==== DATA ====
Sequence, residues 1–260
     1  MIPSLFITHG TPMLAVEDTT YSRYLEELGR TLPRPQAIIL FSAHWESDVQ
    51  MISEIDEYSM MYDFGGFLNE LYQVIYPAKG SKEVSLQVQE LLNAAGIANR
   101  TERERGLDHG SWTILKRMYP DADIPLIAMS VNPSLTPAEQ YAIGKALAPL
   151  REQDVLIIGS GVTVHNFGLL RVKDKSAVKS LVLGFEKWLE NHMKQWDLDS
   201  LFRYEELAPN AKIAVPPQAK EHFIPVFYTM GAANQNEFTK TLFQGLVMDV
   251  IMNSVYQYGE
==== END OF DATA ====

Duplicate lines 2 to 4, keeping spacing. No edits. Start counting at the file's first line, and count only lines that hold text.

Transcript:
     1  MIPSLFITHG TPMLAVEDTT YSRYLEELGR TLPRPQAIIL FSAHWESDVQ
    51  MISEIDEYSM MYDFGGFLNE LYQVIYPAKG SKEVSLQVQE LLNAAGIANR
   101  TERERGLDHG SWTILKRMYP DADIPLIAMS VNPSLTPAEQ YAIGKALAPL